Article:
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President Bush, Colin Powell, and the Missing Possessive Pronouns
Secretary of State Colin Powell in NBC-TV's Today program on October 10, 2001, said:
"We will always support Israel's security. And it is the democratic nation in the region that we absolutely treasure as a friend."
Please notice the missing possessive pronoun "my" (or "our") in regard to "friend". As a matter of fact, the label "a friend" has an inner contradiction. On one hand, the word "friend" indicates closeness. On the other hand, the missing possessive pronoun "my" indicates distance.
One should note that Secretary Powell needed to come out with this declaration after the Israeli Prime Minister's "Czechoslovakia speech" in which he warned the democratic countries, including the U.S., not to appease the Arab countries at the expense of Israel.
Secretary Powell continued: "So there should be no concern on the part of any Israel citizen or leader that the United States would ever do anything to sell them out or trade away their security."
Should his words quiet Israel's fears? Let's examine them more closely. Secretary Powell talks about two possible events - "selling out" and "trading away". Is it possible that Secretary Powell might give Israel away for free? No wonder that an "Israeli source" in Prime Minister Sharon's office labeled Secretary Powell as "pro-Arab" while President Bush was labeled as "pro-Israel".
So, the Israeli assessment of Secretary Powell has some linguistic evidence. And what about the assessment of President Bush?
Let's examine what President Bush said that caused so much commotion in Israel. At a meeting of the Arab league, which convened to discuss the U.S. preparations regarding the international coalition against terrorism on October 3, 2001, President Bush said: "The idea of a Palestinian state has always been part of a vision, so long as the right to an Israeli state is respected."
Again, we find the missing possessive pronoun "my" (or "our"). Is it President Bush's vision? Is it the administration's vision? He didn't say. We know for sure that it was former President Clinton's vision. Maybe that's what President Bush referred to. A Palestinian state is part of "a vision", but not his.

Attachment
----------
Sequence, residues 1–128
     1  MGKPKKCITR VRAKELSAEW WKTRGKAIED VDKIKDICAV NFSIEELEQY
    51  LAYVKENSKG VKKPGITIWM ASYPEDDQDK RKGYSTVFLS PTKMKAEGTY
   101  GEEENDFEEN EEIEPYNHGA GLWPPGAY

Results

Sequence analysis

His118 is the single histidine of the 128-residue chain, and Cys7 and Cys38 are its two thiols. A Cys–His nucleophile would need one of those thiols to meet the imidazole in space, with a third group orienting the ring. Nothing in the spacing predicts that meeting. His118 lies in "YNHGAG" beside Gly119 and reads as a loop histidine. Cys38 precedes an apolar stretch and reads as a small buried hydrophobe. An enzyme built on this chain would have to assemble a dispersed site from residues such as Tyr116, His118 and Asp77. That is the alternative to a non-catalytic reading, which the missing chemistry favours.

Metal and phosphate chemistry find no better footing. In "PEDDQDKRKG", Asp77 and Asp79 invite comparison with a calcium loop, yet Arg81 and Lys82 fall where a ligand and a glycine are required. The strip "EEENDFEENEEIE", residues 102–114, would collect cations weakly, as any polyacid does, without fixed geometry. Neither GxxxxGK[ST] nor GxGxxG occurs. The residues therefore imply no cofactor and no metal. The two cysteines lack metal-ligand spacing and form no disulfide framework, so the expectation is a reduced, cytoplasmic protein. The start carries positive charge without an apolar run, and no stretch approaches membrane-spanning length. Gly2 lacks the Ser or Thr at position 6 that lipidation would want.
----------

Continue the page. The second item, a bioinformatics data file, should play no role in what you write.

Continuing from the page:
These striking differences between President Bush and his Secretary of State Colin Powell were expressed in Secretary Powell's own words. On August 3, 2001, he said: "Do we argue about things? Sure. Do we have to debate issues from time to time? Yes. But I'm pleased to be part of this administration and I can assure you that Mr Rumsfeld, Dr Rice, the President, Mr Cheney, we're all getting along just fine." (August 3, 2001)
The order of appearance in the sentence is quite enlightening. One would have expected that Secretary Powell would mention the President first, Vice President second - according to their order of importance. But he didn't. He put the Secretary of Defense and the National Security Advisor between himself and the President. One can assume that the distance inside the sentence between the Secretary and the President might reflect distance in reality between the two.
Please also notice the following:
||1. The Secretary mentioned two different activities: "arguing" and "debating".
||"Change of language reflects a change in reality." That means that these two words relate to two different activities. While they "have to" debate, they argue - without having to.
this administration" - not "the administration". There is only one administration that runs the U.S. government at one time. So, to use "this" might refer to some other administration which Secretary Powell was part of. In short, it could be perceived as lack of total loyalty.
we're all getting along just fine." He could have said, "
we're all getting along fine." But to add the word "just" could mean that the level of "getting along" is not according to Secretary Powell's expectations. It is only "just fine". It could have been more than fine.